What Happened to Privacy? Can it Exist in the Digital Age?

What Happened to Privacy? Can it Exist in the Digital Age?

What Happened to Privacy? Can it Exist in the Digital Age?

The new Edward Snowden movie is playing at theaters now, which got me to thinking about privacy. Everyone says that they want privacy, yet they willingly post about their deepest darkest secrets on social media. But do the government and major corporations really know that much about you? See the Wiki about the making of the Edward Snowden movie, and let me know what you think!

As Edward Snowden said

“Arguing that you don’t care about the right to privacy because you have nothing to hide is no different than saying you don’t care about free speech because you have nothing to say.”

Edward Snowden’s “Ask Me Anything” on Reddit, May 21, 2015

Protecting Your Privacy on Facebook

Protecting Your Privacy on Facebook

Protecting Your Privacy on Facebook

Don’t post that you’re going on vacation in a public post on Facebook. Unless you don’t mind that everyone in the world can see that post, that is. Here are some ways to limit who sees your posts, by the way. You can limit who sees your posts by going to the Basic Privacy Settings on Facebook.

You might like this article about How Facebook’s Trending Topics is Like Minority Report, by the way, which shows you how Facebook is tracking you and your habits.

twitter_pro

Privacy on Twitter

On Twitter, if you must tell your friends about your vacation, you might want to do so in a private direct message, rather than posted so that all your followers can see it. Or you could wait until after your vacay to announce that your house is empty and filled with gold jewelry that you cleverly got on sale. And did you know that you can make your lists private as well? Here’s a very good guide to protecting your privacy on Twitter. You could make your entire account private as well, though it’s not as fun.

LinkedIn and Privacy

LinkedIn and Privacy

LinkedIn and Privacy

On LinkedIn, if you’re looking for a job, you might want to turn off notifications so that not everyone can see that you’re updating your profile. And that’s particularly true if you’re looking for a job while you still have a job! Nothing like letting your boss know you’re unhappy and out looking! Here’s an article about six ways to protect your privacy on LinkedIn that you might like.

What Steps Do You Take to Protect Your Privacy?

What Steps Do You Take to Protect Your Privacy? Image: Ace Work Gear

What Steps Do You Take to Protect Your Privacy?

Is it already too late? Are you taking any steps to protect yourself and your privacy? I’d really like to know! Leave me a secret note at an undisclosed location! Or just leave a comment here. It’s not as fun, but it’ll do. If you’d like to go back in time and/or become a curmudgeon, you could do that, too.

privacy photo

 

 

Comments

  1. I’d venture to say that I’m not private enough. But I feel like I’ve been very selective about Facebook. Yet, I feel safer to share things on Instagram these days. I’m not sure. Social media has always been my outlet — refuge — solace. So, now that I’m single, I’m rethinking everything.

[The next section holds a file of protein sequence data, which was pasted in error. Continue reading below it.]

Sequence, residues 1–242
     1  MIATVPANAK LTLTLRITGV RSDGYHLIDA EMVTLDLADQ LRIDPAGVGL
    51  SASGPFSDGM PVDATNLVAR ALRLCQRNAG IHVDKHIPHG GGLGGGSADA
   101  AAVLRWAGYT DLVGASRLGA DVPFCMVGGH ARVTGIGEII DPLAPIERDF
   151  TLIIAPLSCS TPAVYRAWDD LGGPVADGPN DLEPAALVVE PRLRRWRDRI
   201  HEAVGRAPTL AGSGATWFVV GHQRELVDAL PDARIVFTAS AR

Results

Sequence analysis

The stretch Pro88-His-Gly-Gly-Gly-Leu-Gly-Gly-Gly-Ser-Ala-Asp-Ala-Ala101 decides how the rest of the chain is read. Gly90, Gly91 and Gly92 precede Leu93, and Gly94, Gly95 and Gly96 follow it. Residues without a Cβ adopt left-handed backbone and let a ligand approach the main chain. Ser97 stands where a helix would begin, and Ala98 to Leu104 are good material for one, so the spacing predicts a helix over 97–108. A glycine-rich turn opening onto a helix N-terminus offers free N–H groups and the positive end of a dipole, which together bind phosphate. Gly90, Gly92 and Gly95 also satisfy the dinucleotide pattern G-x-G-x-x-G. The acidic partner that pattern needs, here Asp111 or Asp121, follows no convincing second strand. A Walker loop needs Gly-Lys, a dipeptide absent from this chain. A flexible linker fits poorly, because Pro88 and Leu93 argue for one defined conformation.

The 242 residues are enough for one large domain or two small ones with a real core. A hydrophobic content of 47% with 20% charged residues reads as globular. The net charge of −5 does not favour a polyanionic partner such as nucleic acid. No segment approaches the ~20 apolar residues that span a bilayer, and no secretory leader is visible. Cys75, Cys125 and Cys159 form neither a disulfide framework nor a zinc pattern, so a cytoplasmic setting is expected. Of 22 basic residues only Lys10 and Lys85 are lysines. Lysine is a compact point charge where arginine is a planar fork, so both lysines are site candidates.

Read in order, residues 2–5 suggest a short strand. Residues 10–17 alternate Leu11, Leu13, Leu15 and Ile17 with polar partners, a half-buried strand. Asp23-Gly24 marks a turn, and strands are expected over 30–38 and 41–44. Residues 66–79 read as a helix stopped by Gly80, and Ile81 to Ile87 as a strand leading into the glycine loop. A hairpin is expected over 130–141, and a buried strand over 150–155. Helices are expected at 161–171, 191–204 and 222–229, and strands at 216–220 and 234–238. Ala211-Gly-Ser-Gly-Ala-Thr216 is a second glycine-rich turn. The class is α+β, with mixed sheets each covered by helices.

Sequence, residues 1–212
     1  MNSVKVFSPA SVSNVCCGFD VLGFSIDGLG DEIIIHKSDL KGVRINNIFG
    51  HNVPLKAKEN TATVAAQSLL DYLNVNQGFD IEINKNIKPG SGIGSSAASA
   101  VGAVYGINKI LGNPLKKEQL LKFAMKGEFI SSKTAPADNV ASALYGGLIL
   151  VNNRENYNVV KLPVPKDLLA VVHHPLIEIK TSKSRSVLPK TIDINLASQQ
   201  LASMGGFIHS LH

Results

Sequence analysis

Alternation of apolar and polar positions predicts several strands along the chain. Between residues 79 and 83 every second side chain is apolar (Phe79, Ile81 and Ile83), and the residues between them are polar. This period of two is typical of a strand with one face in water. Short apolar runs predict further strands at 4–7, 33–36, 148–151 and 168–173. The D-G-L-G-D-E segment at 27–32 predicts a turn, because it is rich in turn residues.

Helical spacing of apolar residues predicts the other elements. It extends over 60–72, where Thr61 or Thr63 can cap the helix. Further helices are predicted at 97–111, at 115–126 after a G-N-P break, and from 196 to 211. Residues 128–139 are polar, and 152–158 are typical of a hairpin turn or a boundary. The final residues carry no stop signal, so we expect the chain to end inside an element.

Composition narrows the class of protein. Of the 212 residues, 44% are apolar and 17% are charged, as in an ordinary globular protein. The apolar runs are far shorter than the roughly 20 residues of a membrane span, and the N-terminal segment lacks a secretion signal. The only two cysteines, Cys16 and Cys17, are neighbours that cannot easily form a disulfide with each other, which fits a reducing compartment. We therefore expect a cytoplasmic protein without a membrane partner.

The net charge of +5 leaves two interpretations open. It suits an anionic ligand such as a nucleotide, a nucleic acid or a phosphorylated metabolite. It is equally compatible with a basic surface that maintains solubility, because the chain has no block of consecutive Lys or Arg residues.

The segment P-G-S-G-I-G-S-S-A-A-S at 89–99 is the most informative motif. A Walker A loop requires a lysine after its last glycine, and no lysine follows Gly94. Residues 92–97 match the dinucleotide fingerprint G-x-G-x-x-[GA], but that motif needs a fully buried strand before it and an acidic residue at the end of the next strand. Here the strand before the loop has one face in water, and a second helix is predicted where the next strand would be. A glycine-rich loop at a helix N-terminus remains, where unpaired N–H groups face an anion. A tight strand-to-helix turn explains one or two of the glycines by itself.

• Hi Bridget,
      I’ve become more private on social media, particularly Facebook, and have considered taking down some photos. Then I’ll see something wonderful–like a photo of that time we were in Sedona together–and don’t want to lose that connection. It’s easier with friends who are close by. It’s a difficult subject, and getting more complex all the time!

      Carol

      • Carol, It DOES get more complex all the time, and thanks for writing about a subject that I struggle with often. Moving across the country and away from friends and family has increased the struggle. While I want to share my life with those we love, I don’t want all the world to see. This is where Private Groups (my family has one) and lists on Facebook come in quite handy. Dad and Grandma can see our pictures without posting them to the world.

        • Hi Tess,

          Yes, it’s gotten much more complex, and since most of the world is on Facebook, that’s a natural place to put photos. But I worry over the lack of security there. Sometimes I think about erasing everything on Facebook. It’s a nice fantasy–for the 10 minutes or so it lasts!

          Thank you for stopping by and commenting, Tess. I appreciate it!
          Carol

  2. Hi Carol

    Good topic. I have social media profiles for my marketing business and I try to be as active as I can. However I’m keen to separate my private life from my professional life. To that end I do not post private stuff on my professional profiles.

    For me it’s important to have this separation. I want to keep the focus of my social media activity on providing value to my audience.

    Clement

    • Hi Clement,

      I know what you mean. For many people, there is some leakage between personal and professional accounts. So you are to be commended for managing to keep them separate.

      Thank you for commenting! I appreciate it.

      Carol

  3. Great article. I tend to skew the line and blend my personal and public lives… to a point. It helps make me more ‘real’, relatable and approacable.

    That said, I have set up privacy controls, specifically within Facebook which allow me to share extermely personal content and limit the audience. Even if tagged I have complete control over where it is seen and who sees it.

    With so much of our lives online, we really do need to be careful about posting.

    • Hi Robert,

      I think that’s wise to have control over who sees certain personal content. I’ve become more careful about posting the more time goes by.

      Thank you for stopping by!
      Carol

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